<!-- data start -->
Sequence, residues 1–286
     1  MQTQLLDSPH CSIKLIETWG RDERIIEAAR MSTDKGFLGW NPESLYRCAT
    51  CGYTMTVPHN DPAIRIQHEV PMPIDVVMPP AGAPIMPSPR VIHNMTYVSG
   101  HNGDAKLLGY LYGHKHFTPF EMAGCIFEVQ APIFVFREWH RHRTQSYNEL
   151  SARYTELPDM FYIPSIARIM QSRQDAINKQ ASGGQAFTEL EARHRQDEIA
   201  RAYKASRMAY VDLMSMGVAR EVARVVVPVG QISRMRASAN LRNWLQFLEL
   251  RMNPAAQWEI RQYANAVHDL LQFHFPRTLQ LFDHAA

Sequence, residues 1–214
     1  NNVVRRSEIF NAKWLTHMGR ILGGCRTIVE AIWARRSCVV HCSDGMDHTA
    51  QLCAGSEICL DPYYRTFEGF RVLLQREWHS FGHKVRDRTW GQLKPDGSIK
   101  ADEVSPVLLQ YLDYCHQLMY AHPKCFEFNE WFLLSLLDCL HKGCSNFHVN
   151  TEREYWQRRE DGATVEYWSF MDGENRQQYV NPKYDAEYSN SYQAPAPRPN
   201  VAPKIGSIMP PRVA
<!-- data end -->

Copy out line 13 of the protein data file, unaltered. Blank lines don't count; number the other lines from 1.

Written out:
   201  VAPKIGSIMP PRVA